As mentioned, one of the unique solutions to the problem of contamination has been the use of anti-bacterial gels. Although these gels may be conveniently packaged in small portable containers, people frequently forget to carry the gels, or simply do not have the patience to use the gel after every time they open a door or are otherwise subject to contaminating germs. The use of gels, while done in various situations, may often be a cumbersome process that requires an individual to free both hands so that they can rub the gel thoroughly over both hands and between their fingers. Additionally, although the use of anti-bacterial gels may be helpful on an individual basis, the majority of the public does not commonly use anti-bacterial gels and therefore is subject to picking up contaminating germs from public places.
More traditional means of avoiding contamination include frequent cleaning of the contaminated structures. As is well known, there are a variety of cleaning solutions that are targeted to killing germs and disinfecting commonly used surfaces. These types of disinfectants most commonly are provided in liquid form in spray bottles, and may be applied by simply spraying the disinfectant onto the contaminated surface and wiping off the residue with a clean towel. Although this method is perhaps the most common and widely used method to clean contaminated surfaces, the actual cleaning of such surfaces typically occurs only periodically, and frequently less than once per day in most public places. Therefore, due to the low frequency of the cleaning, people are often subjected to contaminated surfaces throughout much of the day.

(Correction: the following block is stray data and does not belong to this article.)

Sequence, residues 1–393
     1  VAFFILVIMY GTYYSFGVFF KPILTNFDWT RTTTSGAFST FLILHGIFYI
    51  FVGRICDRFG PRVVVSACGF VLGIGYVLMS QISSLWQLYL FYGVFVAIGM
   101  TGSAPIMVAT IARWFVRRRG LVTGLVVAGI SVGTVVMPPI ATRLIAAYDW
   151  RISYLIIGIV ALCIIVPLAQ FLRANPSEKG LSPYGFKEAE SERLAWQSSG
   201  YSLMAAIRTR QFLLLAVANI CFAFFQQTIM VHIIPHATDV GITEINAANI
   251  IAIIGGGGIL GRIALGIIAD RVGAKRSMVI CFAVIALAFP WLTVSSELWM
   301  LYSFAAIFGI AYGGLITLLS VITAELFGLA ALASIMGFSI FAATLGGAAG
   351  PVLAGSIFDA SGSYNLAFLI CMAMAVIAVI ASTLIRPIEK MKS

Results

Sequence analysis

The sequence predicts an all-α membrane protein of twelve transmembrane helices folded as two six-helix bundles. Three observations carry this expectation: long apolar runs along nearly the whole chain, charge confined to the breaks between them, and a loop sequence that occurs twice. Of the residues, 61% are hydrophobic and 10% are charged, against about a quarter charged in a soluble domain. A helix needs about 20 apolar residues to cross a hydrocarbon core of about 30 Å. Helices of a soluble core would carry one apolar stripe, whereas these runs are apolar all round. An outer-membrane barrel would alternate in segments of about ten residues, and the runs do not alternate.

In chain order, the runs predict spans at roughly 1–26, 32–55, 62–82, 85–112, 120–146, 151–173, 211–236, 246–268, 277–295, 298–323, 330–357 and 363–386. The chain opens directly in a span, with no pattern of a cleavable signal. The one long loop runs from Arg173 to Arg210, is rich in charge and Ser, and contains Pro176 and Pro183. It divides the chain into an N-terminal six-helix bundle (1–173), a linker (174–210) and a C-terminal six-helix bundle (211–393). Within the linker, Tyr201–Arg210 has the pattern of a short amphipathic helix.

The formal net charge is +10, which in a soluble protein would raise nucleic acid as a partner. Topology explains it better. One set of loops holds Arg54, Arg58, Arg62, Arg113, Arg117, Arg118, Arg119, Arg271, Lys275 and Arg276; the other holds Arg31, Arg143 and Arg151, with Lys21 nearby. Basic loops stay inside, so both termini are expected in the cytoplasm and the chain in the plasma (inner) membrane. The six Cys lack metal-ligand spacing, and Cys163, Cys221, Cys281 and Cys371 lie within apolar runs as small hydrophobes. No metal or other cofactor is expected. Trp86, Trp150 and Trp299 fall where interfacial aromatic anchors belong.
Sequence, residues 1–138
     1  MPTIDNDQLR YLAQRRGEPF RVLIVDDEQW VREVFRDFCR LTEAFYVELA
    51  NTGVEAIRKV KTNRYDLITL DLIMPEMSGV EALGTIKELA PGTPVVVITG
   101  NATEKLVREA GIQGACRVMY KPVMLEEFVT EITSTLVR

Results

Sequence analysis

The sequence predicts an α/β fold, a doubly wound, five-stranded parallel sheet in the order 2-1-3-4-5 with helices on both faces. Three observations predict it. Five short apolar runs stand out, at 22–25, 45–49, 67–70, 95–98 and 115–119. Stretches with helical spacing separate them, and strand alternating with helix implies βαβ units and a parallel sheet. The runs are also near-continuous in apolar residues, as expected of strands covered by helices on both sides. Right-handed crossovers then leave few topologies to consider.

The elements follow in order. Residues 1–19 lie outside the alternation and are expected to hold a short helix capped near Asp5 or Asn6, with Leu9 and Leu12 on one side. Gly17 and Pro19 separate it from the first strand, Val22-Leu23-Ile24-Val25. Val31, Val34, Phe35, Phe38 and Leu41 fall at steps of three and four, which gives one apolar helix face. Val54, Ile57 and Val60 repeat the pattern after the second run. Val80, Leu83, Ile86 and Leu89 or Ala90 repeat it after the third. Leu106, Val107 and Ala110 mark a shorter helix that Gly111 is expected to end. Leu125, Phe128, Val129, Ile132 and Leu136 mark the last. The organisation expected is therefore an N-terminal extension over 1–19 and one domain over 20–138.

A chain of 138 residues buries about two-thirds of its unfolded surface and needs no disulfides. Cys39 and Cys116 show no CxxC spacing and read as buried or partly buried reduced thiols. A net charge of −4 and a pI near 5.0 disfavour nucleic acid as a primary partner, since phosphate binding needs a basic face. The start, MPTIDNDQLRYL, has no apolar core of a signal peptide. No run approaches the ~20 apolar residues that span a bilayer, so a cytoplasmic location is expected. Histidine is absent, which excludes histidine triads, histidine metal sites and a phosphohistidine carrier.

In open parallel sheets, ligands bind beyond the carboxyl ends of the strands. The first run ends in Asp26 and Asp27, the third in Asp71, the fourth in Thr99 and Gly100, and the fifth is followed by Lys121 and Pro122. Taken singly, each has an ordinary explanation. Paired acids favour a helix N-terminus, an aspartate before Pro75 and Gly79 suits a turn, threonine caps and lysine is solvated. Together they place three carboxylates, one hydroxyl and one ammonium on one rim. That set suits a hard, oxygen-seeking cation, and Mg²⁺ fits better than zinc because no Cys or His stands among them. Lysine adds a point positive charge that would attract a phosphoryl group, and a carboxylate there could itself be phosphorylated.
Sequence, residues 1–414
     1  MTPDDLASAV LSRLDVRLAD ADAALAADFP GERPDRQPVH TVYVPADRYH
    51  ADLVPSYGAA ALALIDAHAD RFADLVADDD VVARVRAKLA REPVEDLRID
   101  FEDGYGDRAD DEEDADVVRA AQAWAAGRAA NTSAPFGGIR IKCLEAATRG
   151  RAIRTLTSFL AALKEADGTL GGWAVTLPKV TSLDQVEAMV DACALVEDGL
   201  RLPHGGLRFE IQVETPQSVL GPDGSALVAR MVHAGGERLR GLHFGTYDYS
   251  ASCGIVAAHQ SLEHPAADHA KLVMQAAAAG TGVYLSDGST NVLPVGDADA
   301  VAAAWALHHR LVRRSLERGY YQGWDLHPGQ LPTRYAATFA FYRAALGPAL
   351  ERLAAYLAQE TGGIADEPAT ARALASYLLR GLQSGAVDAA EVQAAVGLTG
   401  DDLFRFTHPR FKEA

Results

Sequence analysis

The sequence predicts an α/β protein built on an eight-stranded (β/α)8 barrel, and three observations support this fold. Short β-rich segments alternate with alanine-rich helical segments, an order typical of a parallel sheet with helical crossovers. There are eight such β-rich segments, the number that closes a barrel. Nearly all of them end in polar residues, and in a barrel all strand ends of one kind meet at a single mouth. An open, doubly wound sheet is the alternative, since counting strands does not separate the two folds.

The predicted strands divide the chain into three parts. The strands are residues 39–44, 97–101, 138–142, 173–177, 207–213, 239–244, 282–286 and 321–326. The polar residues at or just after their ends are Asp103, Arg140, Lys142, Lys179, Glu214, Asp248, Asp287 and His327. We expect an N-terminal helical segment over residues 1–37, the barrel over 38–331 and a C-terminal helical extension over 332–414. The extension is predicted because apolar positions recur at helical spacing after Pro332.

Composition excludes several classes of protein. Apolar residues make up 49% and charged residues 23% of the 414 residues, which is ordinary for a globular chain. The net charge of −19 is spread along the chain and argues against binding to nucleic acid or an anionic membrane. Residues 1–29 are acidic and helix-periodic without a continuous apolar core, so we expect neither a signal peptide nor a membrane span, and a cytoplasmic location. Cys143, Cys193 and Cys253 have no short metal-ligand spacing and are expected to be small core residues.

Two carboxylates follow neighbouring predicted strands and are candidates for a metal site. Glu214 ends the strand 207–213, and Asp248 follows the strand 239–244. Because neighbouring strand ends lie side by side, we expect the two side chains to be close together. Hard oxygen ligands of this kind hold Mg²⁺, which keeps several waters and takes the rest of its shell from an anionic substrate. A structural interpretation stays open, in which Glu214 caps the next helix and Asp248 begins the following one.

Therefore, there is a need in the art for an article useful to maintain public surfaces clean from germs and bacteria. Additionally, there is a need in the art for an article that may be utilized by every individual who encounters a given public surface, such as a doorknob, a door panel, or other hand activated public instruments, such as those found in a restroom. Further, there is a need in the art for an article that may be disposed on the public surface such that each person contacting the public surface may be able to actuate the function of the surface while simultaneously cleaning their hands: Finally, there is a need in the art for an article that is inexpensive, durable, and may be placed on a variety of public surfaces and be securably mounted thereon, withstanding the rigors of use related to the public surface.